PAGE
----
Critical Literacy is the theoretical underpinning of this course What does it mean to be positioned within a culture? How does hegemony control your responses to texts?
As Clark Stroup says what is "the role of language in what psychology calls synthetic happiness. To what extent can our language production (and our production of readings) generate happiness within the producer?
Read the Sapir-Whorf theory and consider the role that language has in the construction and evolution of cultural values.Questions to ask when reading a text include:
Who has power? Who is powerless or oppressed and how do I know?How did the author construct this group in this way? Who is silent? Who speaks for who? How do we know if one character is more powerful than another? Which elements of our own lives and context position us to see that character X is more powerful than character Y? An example of this is Stanley and Stella in Streetcar Named Desire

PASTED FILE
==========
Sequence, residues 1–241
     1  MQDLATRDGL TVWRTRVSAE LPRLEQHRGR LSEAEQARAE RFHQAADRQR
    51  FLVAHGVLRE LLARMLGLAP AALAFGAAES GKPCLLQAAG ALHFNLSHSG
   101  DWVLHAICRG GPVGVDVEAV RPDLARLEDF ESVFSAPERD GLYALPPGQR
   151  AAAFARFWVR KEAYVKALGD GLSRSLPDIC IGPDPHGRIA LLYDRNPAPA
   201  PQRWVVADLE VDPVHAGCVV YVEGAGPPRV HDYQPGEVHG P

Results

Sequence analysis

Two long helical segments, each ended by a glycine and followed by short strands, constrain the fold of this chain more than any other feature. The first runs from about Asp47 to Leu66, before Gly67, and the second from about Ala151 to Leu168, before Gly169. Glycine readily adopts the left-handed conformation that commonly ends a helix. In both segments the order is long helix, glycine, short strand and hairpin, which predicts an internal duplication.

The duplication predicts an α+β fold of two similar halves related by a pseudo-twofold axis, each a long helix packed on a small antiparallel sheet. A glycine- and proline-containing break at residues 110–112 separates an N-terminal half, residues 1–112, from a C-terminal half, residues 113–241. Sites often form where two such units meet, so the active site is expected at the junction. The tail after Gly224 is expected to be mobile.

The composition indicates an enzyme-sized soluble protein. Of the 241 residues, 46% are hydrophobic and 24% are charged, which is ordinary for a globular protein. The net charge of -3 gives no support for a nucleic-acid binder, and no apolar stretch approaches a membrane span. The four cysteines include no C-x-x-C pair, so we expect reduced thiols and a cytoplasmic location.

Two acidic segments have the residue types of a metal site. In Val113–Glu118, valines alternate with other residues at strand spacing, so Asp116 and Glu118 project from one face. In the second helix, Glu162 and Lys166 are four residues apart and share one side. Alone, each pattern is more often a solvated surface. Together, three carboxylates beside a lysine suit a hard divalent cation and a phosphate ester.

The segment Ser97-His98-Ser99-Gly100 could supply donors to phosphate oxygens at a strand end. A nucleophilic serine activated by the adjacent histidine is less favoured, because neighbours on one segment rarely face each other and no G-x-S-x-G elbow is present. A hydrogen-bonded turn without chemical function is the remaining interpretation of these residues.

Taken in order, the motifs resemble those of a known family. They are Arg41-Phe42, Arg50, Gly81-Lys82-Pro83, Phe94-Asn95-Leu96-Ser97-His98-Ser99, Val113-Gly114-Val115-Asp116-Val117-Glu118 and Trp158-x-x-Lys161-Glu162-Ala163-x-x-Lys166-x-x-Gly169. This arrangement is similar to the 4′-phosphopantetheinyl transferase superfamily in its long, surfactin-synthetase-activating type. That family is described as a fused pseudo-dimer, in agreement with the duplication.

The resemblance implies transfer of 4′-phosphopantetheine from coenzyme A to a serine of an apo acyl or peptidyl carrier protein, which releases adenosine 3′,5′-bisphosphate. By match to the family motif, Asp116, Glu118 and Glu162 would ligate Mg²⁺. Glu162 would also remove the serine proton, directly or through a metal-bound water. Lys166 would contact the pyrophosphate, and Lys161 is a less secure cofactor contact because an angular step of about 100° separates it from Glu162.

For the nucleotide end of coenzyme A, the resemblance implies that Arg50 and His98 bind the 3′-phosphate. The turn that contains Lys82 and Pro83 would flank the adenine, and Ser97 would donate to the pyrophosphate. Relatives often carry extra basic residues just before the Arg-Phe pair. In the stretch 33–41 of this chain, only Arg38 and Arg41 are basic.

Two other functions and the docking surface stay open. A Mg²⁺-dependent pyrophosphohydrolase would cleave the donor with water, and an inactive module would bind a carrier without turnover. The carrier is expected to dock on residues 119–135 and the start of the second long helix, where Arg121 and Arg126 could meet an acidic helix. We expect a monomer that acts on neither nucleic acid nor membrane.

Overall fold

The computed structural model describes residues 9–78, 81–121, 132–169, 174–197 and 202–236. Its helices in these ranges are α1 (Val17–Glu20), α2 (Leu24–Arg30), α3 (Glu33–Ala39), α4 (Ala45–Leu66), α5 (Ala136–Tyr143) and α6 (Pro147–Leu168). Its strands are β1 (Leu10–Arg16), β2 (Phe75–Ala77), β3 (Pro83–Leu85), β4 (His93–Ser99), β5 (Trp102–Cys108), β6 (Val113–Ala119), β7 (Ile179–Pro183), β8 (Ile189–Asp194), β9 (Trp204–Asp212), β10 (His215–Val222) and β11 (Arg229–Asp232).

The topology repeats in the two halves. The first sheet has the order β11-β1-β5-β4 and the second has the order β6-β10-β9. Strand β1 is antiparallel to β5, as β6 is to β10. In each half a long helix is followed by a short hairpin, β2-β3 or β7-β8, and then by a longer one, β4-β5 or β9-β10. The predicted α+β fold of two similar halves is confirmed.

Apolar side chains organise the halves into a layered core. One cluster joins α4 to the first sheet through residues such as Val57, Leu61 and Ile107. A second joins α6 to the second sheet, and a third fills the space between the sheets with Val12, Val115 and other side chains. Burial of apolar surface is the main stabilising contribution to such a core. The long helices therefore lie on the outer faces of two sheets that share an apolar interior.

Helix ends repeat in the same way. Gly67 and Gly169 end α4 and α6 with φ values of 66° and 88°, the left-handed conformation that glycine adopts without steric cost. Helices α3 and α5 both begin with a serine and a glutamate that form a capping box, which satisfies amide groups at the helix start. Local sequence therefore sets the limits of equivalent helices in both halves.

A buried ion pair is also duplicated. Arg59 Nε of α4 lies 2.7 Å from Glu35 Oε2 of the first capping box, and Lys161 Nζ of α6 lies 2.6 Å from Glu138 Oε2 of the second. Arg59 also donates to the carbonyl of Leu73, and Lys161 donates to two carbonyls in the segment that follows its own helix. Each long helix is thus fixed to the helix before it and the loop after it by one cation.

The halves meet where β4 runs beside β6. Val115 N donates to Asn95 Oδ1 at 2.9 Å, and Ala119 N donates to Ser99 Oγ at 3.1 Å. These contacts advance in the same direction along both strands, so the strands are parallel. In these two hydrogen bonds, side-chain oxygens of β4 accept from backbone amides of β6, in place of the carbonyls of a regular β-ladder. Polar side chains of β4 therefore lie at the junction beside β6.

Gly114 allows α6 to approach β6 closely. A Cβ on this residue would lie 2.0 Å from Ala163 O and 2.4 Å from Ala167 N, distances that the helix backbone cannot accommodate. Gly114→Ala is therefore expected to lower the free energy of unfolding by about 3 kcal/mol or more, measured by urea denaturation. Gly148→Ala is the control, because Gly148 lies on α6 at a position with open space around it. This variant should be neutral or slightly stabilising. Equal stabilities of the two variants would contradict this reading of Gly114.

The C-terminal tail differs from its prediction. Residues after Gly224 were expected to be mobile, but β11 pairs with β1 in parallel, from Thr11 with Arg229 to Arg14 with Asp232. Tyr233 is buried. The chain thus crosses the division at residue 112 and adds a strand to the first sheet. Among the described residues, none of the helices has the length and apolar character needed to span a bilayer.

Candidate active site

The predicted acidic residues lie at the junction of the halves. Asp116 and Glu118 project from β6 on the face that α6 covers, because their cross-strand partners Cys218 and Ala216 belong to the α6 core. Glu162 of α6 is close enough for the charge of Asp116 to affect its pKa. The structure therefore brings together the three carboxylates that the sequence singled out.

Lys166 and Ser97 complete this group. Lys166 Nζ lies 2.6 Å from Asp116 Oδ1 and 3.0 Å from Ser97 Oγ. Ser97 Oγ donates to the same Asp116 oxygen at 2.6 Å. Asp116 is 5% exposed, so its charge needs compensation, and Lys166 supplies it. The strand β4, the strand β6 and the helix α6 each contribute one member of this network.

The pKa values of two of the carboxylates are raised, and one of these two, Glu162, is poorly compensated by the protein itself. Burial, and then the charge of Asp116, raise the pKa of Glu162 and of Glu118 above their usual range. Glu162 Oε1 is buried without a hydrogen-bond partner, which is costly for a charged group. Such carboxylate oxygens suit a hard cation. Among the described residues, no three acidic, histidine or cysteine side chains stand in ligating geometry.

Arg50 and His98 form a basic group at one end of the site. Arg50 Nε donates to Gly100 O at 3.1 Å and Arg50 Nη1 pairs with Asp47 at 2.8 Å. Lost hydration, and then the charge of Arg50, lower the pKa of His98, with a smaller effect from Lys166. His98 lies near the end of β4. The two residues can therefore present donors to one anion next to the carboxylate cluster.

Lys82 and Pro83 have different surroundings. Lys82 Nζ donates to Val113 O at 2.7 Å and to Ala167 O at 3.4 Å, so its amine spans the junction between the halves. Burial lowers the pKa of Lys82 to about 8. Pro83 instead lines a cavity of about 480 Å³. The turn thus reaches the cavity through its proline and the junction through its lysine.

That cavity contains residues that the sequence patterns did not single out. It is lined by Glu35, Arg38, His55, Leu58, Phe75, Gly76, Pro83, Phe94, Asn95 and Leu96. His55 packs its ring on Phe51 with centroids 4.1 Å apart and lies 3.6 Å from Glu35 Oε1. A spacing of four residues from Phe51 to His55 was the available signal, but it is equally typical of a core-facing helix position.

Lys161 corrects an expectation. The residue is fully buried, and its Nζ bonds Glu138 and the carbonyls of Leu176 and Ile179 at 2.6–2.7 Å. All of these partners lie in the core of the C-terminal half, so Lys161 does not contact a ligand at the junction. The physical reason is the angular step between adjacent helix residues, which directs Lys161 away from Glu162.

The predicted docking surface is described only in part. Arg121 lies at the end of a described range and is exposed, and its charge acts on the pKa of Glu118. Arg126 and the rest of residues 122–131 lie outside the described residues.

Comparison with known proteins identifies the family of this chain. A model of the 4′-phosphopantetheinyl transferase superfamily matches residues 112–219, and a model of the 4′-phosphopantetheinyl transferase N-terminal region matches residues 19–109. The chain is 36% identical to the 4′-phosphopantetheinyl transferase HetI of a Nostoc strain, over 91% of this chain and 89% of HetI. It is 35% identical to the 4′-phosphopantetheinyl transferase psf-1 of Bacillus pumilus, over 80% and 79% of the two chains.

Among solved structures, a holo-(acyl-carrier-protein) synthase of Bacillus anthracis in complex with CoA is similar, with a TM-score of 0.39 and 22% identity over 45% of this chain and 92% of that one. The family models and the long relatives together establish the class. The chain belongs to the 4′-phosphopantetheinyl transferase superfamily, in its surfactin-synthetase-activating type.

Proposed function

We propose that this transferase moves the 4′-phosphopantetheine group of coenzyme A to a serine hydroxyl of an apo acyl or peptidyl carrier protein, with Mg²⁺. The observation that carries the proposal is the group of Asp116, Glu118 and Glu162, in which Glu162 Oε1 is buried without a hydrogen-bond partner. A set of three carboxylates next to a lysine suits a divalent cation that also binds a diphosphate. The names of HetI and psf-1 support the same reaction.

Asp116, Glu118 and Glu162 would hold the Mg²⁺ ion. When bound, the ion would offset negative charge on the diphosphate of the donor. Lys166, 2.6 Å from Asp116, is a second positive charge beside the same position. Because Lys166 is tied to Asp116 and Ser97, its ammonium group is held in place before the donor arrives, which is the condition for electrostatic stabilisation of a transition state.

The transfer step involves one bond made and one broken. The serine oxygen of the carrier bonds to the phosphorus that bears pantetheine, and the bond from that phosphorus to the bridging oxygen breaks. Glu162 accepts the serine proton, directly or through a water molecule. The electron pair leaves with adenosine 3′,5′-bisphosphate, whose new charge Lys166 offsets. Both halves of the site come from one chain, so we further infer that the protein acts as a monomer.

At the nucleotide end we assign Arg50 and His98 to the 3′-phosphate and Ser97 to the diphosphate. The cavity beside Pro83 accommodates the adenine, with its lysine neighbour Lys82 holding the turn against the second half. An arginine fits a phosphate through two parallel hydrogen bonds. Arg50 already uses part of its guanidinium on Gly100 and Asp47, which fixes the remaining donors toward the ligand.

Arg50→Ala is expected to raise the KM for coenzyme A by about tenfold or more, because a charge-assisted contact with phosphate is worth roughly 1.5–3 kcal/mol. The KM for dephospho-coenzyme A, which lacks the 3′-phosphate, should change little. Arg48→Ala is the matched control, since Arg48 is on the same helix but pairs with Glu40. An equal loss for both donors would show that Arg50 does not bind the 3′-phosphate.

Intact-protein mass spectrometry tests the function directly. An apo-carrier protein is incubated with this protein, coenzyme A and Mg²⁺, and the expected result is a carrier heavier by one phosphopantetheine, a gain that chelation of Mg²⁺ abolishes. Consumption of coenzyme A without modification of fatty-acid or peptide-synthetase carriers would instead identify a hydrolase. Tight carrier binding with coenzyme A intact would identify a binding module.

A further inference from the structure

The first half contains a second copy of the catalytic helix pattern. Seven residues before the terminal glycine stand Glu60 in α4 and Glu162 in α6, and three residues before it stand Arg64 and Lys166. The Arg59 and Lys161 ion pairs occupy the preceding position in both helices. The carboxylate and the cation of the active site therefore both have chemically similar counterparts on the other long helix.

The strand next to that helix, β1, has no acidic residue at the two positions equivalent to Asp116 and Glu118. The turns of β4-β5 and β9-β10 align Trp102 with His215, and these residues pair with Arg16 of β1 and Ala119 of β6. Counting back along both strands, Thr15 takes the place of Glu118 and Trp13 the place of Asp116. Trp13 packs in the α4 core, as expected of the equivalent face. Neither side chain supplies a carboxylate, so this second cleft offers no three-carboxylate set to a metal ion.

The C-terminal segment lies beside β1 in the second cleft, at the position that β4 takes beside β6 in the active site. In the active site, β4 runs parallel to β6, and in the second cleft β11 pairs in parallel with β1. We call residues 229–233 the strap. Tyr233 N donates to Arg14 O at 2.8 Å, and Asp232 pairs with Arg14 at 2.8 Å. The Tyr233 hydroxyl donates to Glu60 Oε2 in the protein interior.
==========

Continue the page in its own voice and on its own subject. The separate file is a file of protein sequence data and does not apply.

by T. Williams through dialogue, movement and body language we can see Stanley's dominance.Racism/Sexism:
Which group is isolated and ignored? Which group is powerless or dispossessed? Which group is stereotyped and or feminised? How do we know? Once again the behaviour, actions and responses of Stanley, Stella and Blanch in Streetcar Named Desire
by T. Williams demonstrate how women and men act and are portrayed in different ways. How are the characters in The Things They Carried
by T. O'Brien portrayed? Or in Translations
by B.Friel? What about groups in graphic novels where pictures can tell a thousand words? Which pictures, which angles, which point of view is favored or highlighted?
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